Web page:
Question-and-Answer Session

Operator

And thank you. We will now begin the question-and-answer session. And we have our first question from Neil Mehta with Goldman Sachs.

Neil Mehta - Goldman Sachs & Co.

Good morning, guys. Congrats on the strong cash flow quarter here. Want to kick it off on the product side. Clearly, product margins are a concern for investors as we think about both the refining stocks and then also as we think about the flat price per crude. So, two questions on that basis. One, Joe, do you think there's just too much refining capacity in the world here? Is there a structural oversupply in capacity? And then, do you expect that we're going to see run cuts this fall here in the U.S. or elsewhere in the world?

Joseph W. Gorder - Chairman, President & Chief Executive Officer

Morning, Neil, and thanks for your comments. Why don't I let Gary take a crack at this?

Gary K. Simmons - Senior Vice President-Supply, International Operations and Systems Optimization

Yeah, Neil. I think despite the fact that we've seen very strong product demand, obviously, the refinery utilization has been such that supply has been able to keep up and even outpace demand. So, ultimately, we're going to need a rebalancing and see lower refinery utilization moving forward. So, I do believe that you'll see some refinery run cuts as we head into the third quarter and fourth quarter.

I think that some of what happened this year is that with the steep contango in the market, especially early in the year, some marginal refining capacity that typically you would see cut in the winter had incentive to go ahead and run and produce the summer grade of gasoline. And so, it caused utilization to be very high, especially like in the January, February timeframe. And that's where we built the large overhang of products that we've really had to manage the rest of this year.

Neil Mehta - Goldman Sachs & Co.

I appreciate those comments. And then secondly, on RINs here, you maintained the guidance of $750 million to $850 million, but is it fair to say there's some upward bias to the midpoint of the range? Joe, can you just talk about what you ultimately see as the resolution to this RINs issue? I know it's something that you've been talking to the EPA about quite a lot. And then just how you see the RINs issue evolving from here.

Joseph W. Gorder - Chairman, President & Chief Executive Officer

Okay, Neil. That's a good question. And I'll speak just briefly about the lawsuit really, and then if we have procedural questions, Jay can help me with that. But our action with the EPA is really focused on dealing with the current structure of the system. The current system, as you know, misaligns the RIN obligation with the ability to comply by blending. So, what's happened, it's enabled speculators to drive up RIN prices, which really distorts the markets. And it facilitates opportunities for RIN fraud, which we've seen a fair amount of.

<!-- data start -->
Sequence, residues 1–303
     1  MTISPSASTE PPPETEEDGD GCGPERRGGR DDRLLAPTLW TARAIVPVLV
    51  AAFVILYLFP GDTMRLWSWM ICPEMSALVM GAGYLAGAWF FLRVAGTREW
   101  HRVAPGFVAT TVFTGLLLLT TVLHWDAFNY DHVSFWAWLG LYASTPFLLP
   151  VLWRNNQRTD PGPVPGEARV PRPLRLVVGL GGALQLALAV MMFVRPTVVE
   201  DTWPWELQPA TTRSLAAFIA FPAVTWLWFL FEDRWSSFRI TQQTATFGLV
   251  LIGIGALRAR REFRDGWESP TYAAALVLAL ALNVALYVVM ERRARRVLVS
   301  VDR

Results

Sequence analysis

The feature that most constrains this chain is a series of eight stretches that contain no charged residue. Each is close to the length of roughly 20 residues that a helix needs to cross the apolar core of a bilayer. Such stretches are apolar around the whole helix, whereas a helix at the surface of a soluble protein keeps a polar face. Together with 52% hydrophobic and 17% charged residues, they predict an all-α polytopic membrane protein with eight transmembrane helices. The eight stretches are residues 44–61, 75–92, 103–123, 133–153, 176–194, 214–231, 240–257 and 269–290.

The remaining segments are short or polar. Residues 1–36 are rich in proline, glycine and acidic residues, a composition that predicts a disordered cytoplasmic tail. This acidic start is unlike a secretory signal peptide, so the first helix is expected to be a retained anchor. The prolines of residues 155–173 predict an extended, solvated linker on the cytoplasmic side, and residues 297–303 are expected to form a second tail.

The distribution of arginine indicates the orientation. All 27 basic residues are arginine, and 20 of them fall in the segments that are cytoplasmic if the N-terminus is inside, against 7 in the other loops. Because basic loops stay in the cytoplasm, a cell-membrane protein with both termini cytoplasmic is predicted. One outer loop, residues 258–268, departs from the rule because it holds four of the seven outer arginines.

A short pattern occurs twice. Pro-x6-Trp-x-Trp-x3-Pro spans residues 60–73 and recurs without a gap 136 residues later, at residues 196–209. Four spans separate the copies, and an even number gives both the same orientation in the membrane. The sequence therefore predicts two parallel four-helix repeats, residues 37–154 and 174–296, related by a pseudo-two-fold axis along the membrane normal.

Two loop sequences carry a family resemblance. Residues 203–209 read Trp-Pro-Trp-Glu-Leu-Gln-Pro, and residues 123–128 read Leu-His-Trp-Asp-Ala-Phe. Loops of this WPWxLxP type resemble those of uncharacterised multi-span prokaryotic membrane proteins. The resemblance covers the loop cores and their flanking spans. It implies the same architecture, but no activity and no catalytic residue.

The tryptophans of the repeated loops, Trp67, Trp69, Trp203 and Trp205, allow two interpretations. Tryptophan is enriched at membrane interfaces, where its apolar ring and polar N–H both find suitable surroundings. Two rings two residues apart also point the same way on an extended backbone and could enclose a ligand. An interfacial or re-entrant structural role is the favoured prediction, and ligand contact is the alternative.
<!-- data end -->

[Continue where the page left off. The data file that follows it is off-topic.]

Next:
Moving to point of obligation really would address these issues, and then it would enable the penetration of biofuel products into the marketplace to increase their blending. So, that's really the emphasis for us on trying to push this just to try to fix a structure that we think really is misaligned and infeasible today. And then, Jay, on process, any comments?

Jay D. Browning - Executive Vice President & General Counsel

Yeah. As everyone knows, if you're engaged in litigation we're only in a position to control our own efforts and timing. And we are doing everything possible that we can to bring attention to the issue. We have filed the lawsuits, we filed the petition for reconsideration, and we've engaged in a lot of effort to educate other affected parties as well as EPA officials. Ideally, we would like to see EPA of its own accord engage in a rulemaking process. And if they were to do so, you can go to the EPA website and see basically how long it takes for them to put out a proposed rule, gather comments and finalize a rule. Short of that, we're having to fall back on timing of the process of litigation, which is very difficult to speculate.

Neil Mehta - Goldman Sachs & Co.

All right, guys. Thanks for the comments.

Joseph W. Gorder - Chairman, President & Chief Executive Officer

Thanks, Neil.

Operator

And thank you. Our next question comes from Evan Calio with Morgan Stanley.

Evan Calio - Morgan Stanley & Co. LLC

Hey. Good morning, guys.

Joseph W. Gorder - Chairman, President & Chief Executive Officer

Good morning, Evan.

Evan Calio - Morgan Stanley & Co. LLC

Hey, I know you guys raised your dividend early in the first quarter and your indicative yield today is higher than it was in 2008 and 2009. Can you discuss how you stress the dividend when you establish or decide to raise that earlier this year and how you view the sustainability of your yield?

Michael S. Ciskowski - Chief Financial Officer & Executive Vice President

Okay, Evan. Our dividend is a commitment to our shareholders and we do consider it non-discretionary. With our cash position and nearly $5 billion of liquidity we have available to us, we're quite comfortable with the sustainability of our current dividend and also the payout target of at least 75% of net income. And in addition, we're not concerned with the funding of our capital program.

Joseph W. Gorder - Chairman, President & Chief Executive Officer